Speaker 3: It's, it's definitely changed over the years. So, I think when I was a kid, I played at kind of music festivals. I'd had the experience of it. When I say music festival, I made it in the song. I don't know how to describe it, kind of regional English sense of, you have this sort of celebration of youth music or something, and everyone turns up with the best piece they can play. And they play in front of these adjudicators who then Mark you and give you certain marks. And it's, it's sort of a bit like an exam in a way. but it's kind of, I mean, it's nice that it's, it's an opportunity for people to share what they're up to, but it's still a very sort of traditional way of doing music. And I played in kind of classical guitar categories and clarinet categories and stuff.

Speaker 3: And I remember my first experience of like basically performance anxiety was playing, a clarinet piece when I, it was more that I never really noticed the symptoms of anxiety as a guitarist, as, when I was performing in those contexts, I was playing classical guitar. You have both your feet on the ground, you're seated and you are using your hands and you it's, it's kind of fine. Your body sort of falls in with it. And that experience of playing the clarinet, I suddenly realized my breath was really short. I just suddenly like, couldn't get enough breath. And that was really eyeopening for me, cause I'd never really, before that point, I picked up clarinet when I was about 15 and I progressed very quickly, because I could already read music and understood the theory side. And so I was playing quite a like grade five grade six thing when I did my first public performance. And it was, it was just really hard. I was suddenly like, Oh, Oh, I can't breathe.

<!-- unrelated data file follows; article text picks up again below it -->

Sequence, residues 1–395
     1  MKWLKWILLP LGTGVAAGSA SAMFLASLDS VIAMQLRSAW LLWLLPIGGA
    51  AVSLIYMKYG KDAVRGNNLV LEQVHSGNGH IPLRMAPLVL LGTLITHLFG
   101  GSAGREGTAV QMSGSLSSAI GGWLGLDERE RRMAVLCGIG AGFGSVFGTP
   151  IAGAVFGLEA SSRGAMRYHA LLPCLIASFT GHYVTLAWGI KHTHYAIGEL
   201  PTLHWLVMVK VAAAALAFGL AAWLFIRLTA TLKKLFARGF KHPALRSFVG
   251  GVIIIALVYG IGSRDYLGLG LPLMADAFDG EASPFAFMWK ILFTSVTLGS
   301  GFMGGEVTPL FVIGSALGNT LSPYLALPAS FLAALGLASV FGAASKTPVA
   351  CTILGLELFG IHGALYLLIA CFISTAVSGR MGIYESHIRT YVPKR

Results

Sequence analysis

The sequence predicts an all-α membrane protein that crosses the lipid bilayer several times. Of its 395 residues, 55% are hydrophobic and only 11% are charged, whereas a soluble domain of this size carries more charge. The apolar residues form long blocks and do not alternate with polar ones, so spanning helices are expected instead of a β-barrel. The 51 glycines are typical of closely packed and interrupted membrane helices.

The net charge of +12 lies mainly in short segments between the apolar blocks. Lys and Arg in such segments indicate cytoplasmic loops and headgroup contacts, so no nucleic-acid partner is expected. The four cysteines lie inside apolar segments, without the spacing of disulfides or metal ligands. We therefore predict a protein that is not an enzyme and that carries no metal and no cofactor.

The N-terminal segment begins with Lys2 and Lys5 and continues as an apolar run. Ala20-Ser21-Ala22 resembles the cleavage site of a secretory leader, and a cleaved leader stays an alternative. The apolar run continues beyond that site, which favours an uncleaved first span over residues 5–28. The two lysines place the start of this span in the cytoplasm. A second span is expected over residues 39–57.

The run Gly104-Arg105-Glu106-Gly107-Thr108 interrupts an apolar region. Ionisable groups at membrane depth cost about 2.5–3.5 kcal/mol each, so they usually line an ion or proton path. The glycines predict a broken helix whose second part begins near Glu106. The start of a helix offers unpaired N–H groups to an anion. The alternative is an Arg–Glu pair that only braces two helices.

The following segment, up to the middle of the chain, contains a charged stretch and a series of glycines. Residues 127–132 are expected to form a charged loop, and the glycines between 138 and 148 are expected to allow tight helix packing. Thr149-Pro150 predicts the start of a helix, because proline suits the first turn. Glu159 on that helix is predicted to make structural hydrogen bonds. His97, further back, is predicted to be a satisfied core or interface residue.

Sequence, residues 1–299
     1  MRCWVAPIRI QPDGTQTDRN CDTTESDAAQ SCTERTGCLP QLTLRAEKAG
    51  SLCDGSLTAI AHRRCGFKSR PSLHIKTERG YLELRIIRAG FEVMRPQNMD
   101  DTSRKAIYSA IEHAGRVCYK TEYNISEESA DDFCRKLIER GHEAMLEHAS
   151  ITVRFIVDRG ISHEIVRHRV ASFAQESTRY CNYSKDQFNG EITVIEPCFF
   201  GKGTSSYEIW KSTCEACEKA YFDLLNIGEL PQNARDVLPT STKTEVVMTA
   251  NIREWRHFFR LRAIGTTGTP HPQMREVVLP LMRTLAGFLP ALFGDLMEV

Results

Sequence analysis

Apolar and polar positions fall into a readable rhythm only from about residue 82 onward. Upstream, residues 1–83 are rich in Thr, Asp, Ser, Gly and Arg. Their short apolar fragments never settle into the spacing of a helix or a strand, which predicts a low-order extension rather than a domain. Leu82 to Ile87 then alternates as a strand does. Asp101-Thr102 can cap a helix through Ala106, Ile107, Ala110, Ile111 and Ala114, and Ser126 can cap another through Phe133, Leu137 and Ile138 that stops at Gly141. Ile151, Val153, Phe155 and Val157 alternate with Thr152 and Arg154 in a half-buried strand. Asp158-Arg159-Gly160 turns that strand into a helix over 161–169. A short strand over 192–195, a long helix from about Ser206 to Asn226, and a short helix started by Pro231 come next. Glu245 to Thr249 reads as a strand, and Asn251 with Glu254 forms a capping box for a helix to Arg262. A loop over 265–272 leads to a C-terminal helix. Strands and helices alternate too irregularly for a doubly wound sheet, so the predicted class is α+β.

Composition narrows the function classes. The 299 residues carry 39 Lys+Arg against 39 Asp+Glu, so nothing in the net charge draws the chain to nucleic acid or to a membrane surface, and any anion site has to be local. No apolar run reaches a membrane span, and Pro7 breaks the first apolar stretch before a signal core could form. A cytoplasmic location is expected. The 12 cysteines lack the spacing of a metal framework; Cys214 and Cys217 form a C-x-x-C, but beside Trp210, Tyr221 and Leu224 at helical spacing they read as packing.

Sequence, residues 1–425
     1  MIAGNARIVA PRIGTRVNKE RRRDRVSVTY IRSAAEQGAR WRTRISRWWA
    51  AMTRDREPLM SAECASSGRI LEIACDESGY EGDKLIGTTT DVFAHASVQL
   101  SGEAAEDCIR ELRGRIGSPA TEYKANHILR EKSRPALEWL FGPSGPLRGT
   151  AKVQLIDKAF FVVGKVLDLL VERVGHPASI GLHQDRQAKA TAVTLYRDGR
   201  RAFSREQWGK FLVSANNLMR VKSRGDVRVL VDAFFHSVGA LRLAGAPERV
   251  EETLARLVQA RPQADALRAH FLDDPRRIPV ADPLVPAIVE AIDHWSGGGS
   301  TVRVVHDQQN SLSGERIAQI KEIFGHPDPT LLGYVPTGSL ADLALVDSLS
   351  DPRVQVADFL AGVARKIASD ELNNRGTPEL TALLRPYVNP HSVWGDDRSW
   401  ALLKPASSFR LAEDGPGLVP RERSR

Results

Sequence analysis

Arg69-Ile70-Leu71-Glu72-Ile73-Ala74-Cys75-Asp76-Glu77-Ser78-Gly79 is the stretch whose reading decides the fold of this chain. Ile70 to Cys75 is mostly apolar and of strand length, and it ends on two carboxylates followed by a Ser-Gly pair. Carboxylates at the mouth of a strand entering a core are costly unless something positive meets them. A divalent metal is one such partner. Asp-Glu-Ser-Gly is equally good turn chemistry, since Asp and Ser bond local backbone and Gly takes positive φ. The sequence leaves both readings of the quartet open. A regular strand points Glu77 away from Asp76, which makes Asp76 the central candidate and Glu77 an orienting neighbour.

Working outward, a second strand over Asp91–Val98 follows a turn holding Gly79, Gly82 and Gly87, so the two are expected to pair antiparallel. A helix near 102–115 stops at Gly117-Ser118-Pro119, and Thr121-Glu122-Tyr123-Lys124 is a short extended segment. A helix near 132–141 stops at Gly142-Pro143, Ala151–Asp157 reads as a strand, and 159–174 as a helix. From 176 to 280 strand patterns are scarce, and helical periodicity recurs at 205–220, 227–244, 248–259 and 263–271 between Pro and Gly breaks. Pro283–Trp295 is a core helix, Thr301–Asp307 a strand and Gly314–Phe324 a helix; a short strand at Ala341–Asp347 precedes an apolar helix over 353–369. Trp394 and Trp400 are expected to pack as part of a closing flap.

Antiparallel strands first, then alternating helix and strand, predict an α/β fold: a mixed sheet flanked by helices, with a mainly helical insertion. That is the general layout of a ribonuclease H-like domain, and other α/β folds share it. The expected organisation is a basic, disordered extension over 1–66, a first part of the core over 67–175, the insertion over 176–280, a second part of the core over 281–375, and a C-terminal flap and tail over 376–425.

Speaker 6: That's going to be a problem. And it was fine.